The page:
WorldCat Identities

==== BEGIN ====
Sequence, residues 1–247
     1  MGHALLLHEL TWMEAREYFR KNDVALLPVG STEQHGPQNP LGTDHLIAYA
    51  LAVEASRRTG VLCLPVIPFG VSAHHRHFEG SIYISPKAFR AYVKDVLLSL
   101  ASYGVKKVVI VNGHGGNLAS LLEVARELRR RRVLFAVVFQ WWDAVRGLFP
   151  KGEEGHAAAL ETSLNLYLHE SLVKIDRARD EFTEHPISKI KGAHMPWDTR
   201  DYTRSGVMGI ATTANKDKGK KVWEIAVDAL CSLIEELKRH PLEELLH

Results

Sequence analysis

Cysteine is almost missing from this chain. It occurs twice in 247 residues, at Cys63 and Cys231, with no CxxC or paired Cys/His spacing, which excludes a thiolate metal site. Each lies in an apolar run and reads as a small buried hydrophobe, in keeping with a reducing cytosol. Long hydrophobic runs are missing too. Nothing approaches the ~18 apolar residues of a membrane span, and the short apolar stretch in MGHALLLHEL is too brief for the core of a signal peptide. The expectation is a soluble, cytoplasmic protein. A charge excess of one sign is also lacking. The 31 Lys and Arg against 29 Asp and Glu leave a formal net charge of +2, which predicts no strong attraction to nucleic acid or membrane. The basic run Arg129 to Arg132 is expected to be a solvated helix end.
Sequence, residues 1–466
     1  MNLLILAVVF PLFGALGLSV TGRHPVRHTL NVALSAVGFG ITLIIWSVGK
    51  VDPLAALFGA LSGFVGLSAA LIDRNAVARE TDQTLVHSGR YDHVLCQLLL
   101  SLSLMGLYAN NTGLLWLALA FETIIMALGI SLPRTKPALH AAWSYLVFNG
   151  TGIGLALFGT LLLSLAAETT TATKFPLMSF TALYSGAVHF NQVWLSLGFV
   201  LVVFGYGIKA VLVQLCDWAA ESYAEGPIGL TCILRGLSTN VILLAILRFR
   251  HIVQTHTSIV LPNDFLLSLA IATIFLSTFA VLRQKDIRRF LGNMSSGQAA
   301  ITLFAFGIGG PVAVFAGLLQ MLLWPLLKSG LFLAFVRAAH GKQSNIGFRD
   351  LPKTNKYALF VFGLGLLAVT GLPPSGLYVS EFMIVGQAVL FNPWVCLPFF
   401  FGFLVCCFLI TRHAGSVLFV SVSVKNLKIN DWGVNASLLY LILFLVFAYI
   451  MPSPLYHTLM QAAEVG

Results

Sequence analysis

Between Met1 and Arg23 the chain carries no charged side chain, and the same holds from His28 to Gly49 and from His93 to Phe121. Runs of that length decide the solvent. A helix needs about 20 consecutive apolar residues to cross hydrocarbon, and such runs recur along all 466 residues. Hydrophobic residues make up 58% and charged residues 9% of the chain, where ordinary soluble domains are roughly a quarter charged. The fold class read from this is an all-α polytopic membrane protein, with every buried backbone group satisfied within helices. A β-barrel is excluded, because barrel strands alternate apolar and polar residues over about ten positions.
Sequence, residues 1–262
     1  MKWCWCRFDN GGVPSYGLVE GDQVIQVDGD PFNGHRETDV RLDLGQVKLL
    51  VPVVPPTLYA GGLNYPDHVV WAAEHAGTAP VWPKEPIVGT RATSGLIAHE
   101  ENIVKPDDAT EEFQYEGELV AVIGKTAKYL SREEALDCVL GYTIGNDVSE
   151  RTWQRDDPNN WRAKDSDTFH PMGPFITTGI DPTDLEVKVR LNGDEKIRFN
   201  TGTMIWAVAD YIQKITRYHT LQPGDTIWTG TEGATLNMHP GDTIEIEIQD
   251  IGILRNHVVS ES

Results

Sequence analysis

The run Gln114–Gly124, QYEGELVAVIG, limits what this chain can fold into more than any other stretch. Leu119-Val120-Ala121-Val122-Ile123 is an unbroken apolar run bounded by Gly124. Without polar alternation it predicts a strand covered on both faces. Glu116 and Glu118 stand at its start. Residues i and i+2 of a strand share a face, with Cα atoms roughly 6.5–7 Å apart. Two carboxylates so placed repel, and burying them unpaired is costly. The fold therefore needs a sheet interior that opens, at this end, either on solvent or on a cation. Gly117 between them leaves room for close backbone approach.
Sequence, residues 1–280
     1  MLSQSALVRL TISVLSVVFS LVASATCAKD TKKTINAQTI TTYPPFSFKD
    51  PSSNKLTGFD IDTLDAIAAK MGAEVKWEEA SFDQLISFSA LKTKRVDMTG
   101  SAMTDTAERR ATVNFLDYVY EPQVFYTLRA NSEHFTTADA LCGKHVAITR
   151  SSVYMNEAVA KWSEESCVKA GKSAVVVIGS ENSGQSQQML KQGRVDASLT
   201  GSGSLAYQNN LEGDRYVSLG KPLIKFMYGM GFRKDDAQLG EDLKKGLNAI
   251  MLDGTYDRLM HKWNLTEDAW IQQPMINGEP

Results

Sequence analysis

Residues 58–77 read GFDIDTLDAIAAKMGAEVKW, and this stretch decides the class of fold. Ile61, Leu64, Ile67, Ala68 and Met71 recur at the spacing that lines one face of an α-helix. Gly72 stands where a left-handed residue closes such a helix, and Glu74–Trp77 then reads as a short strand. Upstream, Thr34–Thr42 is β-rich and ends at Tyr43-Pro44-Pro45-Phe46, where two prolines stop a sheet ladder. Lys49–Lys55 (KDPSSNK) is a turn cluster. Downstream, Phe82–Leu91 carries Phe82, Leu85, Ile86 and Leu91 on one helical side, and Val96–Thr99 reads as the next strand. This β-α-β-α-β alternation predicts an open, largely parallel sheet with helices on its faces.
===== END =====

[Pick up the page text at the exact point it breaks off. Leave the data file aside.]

Fri Mar 21 17:15:31 2014 UTClccn-nr870007210.27Sextus Empiricus0.531.00Myers family papers89701455nr 870007211988230Bury, R. G.Bury, R.G., 1869-Bury, R. G. f. 1869Bury, R. G. (Robert Gregg), 1869-Bury, R. G. (Robert Gregg), n. 1869Bury, Robert GreggBury, Robert Gregg, b. 1869Gregg Bury, Robert 1869-lccn-n50002828SextusEmpiricusnp-platoPlatolccn-n89623884Fowler, Harold North1859-1955trllccn-n88635997Lamb, W. R. M.(Walter Rangeley Maitland)1882-trllccn-no2004030804Platolccn-n80080289Shorey, Paul1857-1934trllccn-n79139459Platolccn-n83018254Pyrrhonof Elisnp-socratesSocratesnc-sextus empiricusSextus EmpiricusBury, Robert Gregg1869-Criticism, interpretation, etcState, ThePhilosophy, AncientSkepticismGreek literaturePhilosophyLogicPlatoPolitical sciencePyrrhon,--of ElisBury, Robert Gregg,PleasureUtopiasKnowledge, Theory ofLatin literatureClassical literatureSkeptics (Greek philosophy)Symposium (Plato)Logos (Philosophy)Logos (Christian theology)Bible.--JohnSocratesSextus,--EmpiricusPhysiologyFowler, Harold North,EthicsLawPhilebus (Plato)LoveMind and bodyRhetoricLaw--PhilosophyRobinson, ConstanceAir pilotsManners and customsMarriageCourtshipComposition (Music)Child, PaulBarry, Philip,FamiliesLogiciansNew York (State)--New YorkFlanner, Janet,Munch, Charles,Gielgud, John,American National Red CrossUnited States.--Office of Strategic ServicesO'Brien, Howard Vincent,Expatriate artistsFitzgerald, F. Scott--(Francis Scott),1869195118951897190919131914191719191923192419251926192719281929193219331935193619381939194019421943194819491950195219531955195719601961196219631964196619671968196919701971197319751976198019811983198419871988198919901993199419971999200020012004200520062007201220136123146612184PA3612ocn002655806ocn000833597ocn006380324ocn000310409ocn002638773ocn008711564ocn180640860ocn039541239ocn437583679ocn029115582ocn000514510ocn462313860ocn213822149ocn038617154ocn310592426ocn492961275ocn457889792ocn492961306ocn799982750ocn865318530ocn440950213148973ocn015865815book19330.56SextusSextus Empiricus+-+0579449215118863ocn003485139book19140.53PlatónPlato, with an English translation+-+959544921560434ocn000833597book19260.39PlatoThe lawsPLATO, the great philosopher of Athens, son of Ariston, was born in 427 B.C. In early manhood admirer of Socrates, he later founded the famous school of philosophy in the grove Academus. Much else recorded of his life is uncertain; that he left Athens for a time after Socrates' execution is probable; that later he went to Cyrene, Egypt, and Sicily is possible; that he was wealthy is likely; that he was critical of 'advanced' democracy is obvious. He lived to be 80 years old. Linguistic tests including those of computer science still try to establish the order of his extant philosophical dialogues, written in splendid prose and revealing Socrates' mind fused with Plato's thought. In Laches, Charmides, and Lysis, Socrates and others discuss separate ethical conceptions. Protagoras, Io, and Meno discuss whether righteousness can be taught. In Gorias, Socrates is estranged from his city's thought, and his fate is impending. The Apology (not a dialogue), Crito, Euthyphro, and the unforgettable Phaedo relate to the trial and death of Socrates and propound the immortality of the soul. In the famous Symposium and Phaedrus, written when Socrates was still alive, we find the origin and meaning of love. Cratylus discusses the nature of language and the great masterpiece in 10 books, the Republic, concerns righteousness (and involves education, equality of the sexes, socialism, communism, and even abolition of slavery). Of the 6 so called 'dialectical" dialogues Euthydemus deals with philosophy; meta-physical Parmenides about general concepts and absolute being; Theaetetus reasons about the theory of knowledge; of its sequels, Sophist deals with not-being; Politicus with good and bad statesmanship and governments; Philebus with what is good. The Timaeus seeks the origin of the visible universe out of abstract geometrical elements. The unfinished Critias treats of lost Atlantis. Unfinished also is Plato's last work of the 12 books Laws (Socrates is absent from it), a critical discussion of principles of law which Plato thought the Greeks might accept. Of a dozen other extant dialogues and also some letters a few may be genuine. Six other extant dialogues have been rejected as spurious since ancient times+-+866744921547842ocn002721658book19090.70PlatónThe Symposium of Plato46044ocn010903648book19290.39PlatónTimaeus ; Critias ; Cleitophon ; Menexenus ; EpistlesPLATO, the great philosopher of Athens, son of Ariston, was born in 427 B.C. In early manhood admirer of Socrates, he later founded the famous school of philosophy in the grove Academus. Much else recorded of his life is uncertain; that he left Athens for a time after Socrates' execution is probable; that later he went to Cyrene, Egypt, and Sicily is possible; that he was wealthy is likely; that he was critical of 'advanced' democracy is obvious. He lived to be 80 years old. Linguistic tests including those of computer science still try to establish the order of his extant philosophical dialogues, written in splendid prose and revealing Socrates' mind fused with Plato's thought. In Laches, Charmides, and Lysis, Socrates and others discuss separate ethical conceptions. Protagoras, Io, and Meno discuss whether righteousness can be taught. In Gorias, Socrates is estranged from his city's thought, and his fate is impending. The Apology (not a dialogue), Crito, Euthyphro, and the unforgettable Phaedo relate to the trial and death of Socrates and propound the immortality of the soul. In the famous Symposium and Phaedrus, written when Socrates was still alive, we find the origin and meaning of love. Cratylus discusses the nature of language and the great masterpiece in 10 books, the Republic, concerns righteousness (and involves education, equality of the sexes, socialism, communism, and even abolition of slavery). Of the 6 so called 'dialectical" dialogues Euthydemus deals with philosophy; meta-physical Parmenides about general concepts and absolute being; Theaetetus reasons about the theory of knowledge; of its sequels, Sophist deals with not-being; Politicus with good and bad statesmanship and governments; Philebus with what is good. The Timaeus seeks the origin of the visible universe out of abstract geometrical elements. The unfinished Critias treats of lost Atlantis. Unfinished also is Plato's last work of the 12 books Laws (Socrates is absent from it), a critical discussion of principles of law which Plato thought the Greeks might accept. Of a dozen other extant dialogues and also some letters a few may be genuine. Six other extant dialogues have been rejected as spurious since ancient times+-+620744921541427ocn000514510book18970.76PlatónThe Philebus of Plato35721ocn006263709book19140.63PlatoPlato, with an English translation14716ocn023367477book19330.33SextusOutlines of pyrrhonism+-+52400242351014ocn004690917book19400.59Bury, Robert GreggThe Fourth gospel and the logos-doctrineCriticism, interpretation, etc8115ocn029590022book19480.29SextusSextus Empiricus+-+0579449215677ocn029590021book19360.27SextusSextus Empiricus+-+1998449215635ocn006947747book19990.50PlatónPlato in twelve volumes. With an English translationPhilosophie / Antike+-+7936449215617ocn029590020book19350.29SextusSextus Empiricus+-+26784492155410ocn029590019book19330.31SextusSextus Empiricus+-+76584492153912ocn180640860book19350.73SextusAgainst the logicians"Sextus Empiricus' Against the Logicians is by far the most detailed surviving examination by any ancient Greek skeptic of the areas of epistemology and logic. It critically examines the pretensions of non-skeptical philosophers to have discovered methods for determining the truth, either through direct observation or by inference from the observed to the unobserved. It is therefore a fine example of the Pyrrhonist skeptical method at work. It also provides a mine of information about the ideas of other Greek thinkers, ideas that are in many cases poorly preserved in other sources. This volume presents Against the Logicians in a new and accurate translation, together with a detailed introduction that sets the work in its philosophical context."--Jacket+-+26784492153812ocn256665223book19490.39SextusAgainst the professors+-+0579449215309ocn256636203book19360.37SextusAgainst the physicists : against the ethicists+-+1998449215298ocn038617154book19090.70PlatoThe Symposium269ocn630823038book19350.35SextusSextus Empiricus : in four volumes+-+2678449215253ocn004948498book19290.37PlatónPlato, with an English translation; Timaeus, Critias, Cleitophon, Menexenus, Epistles, by R.G. Bury+-+620744921581ocn065768974book19610.39PlatoThe lawsPLATO, the great philosopher of Athens, son of Ariston, was born in 427 B.C. In early manhood admirer of Socrates, he later founded the famous school of philosophy in the grove Academus. Much else recorded of his life is uncertain; that he left Athens for a time after Socrates' execution is probable; that later he went to Cyrene, Egypt, and Sicily is possible; that he was wealthy is likely; that he was critical of 'advanced' democracy is obvious. He lived to be 80 years old. Linguistic tests including those of computer science still try to establish the order of his extant philosophical dialogues, written in splendid prose and revealing Socrates' mind fused with Plato's thought. In Laches, Charmides, and Lysis, Socrates and others discuss separate ethical conceptions. Protagoras, Io, and Meno discuss whether righteousness can be taught. In Gorias, Socrates is estranged from his city's thought, and his fate is impending. The Apology (not a dialogue), Crito, Euthyphro, and the unforgettable Phaedo relate to the trial and death of Socrates and propound the immortality of the soul. In the famous Symposium and Phaedrus, written when Socrates was still alive, we find the origin and meaning of love. Cratylus discusses the nature of language and the great masterpiece in 10 books, the Republic, concerns righteousness (and involves education, equality of the sexes, socialism, communism, and even abolition of slavery). Of the 6 so called 'dialectical" dialogues Euthydemus deals with philosophy; meta-physical Parmenides about general concepts and absolute being; Theaetetus reasons about the theory of knowledge; of its sequels, Sophist deals with not-being; Politicus with good and bad statesmanship and governments; Philebus with what is good. The Timaeus seeks the origin of the visible universe out of abstract geometrical elements. The unfinished Critias treats of lost Atlantis. Unfinished also is Plato's last work of the 12 books Laws (Socrates is absent from it), a critical discussion of principles of law which Plato thought the Greeks might accept. Of a dozen other extant dialogues and also some letters a few may be genuine. Six other extant dialogues have been rejected as spurious since ancient times11ocn702131678mix1.00Myers familyMyers family papersThe papers contain correspondence with family, friends, and acquaintances, plus a variety of personal papers, including obituaries, letters of sympathy, diaries, and scrapbooks documenting the lives of Richard E. and Alice Lee Myers and their children. Prominent correspondents include Stephen Vincent Benét, Nadia Boulanger, Grace Flandrau, John Gielgud, Charlotte Kett, Archibald MacLeish, and Gerald Murphy+-+0579449215+-+0579449215Fri Mar 21 15:08:53 EDT 2014batch28432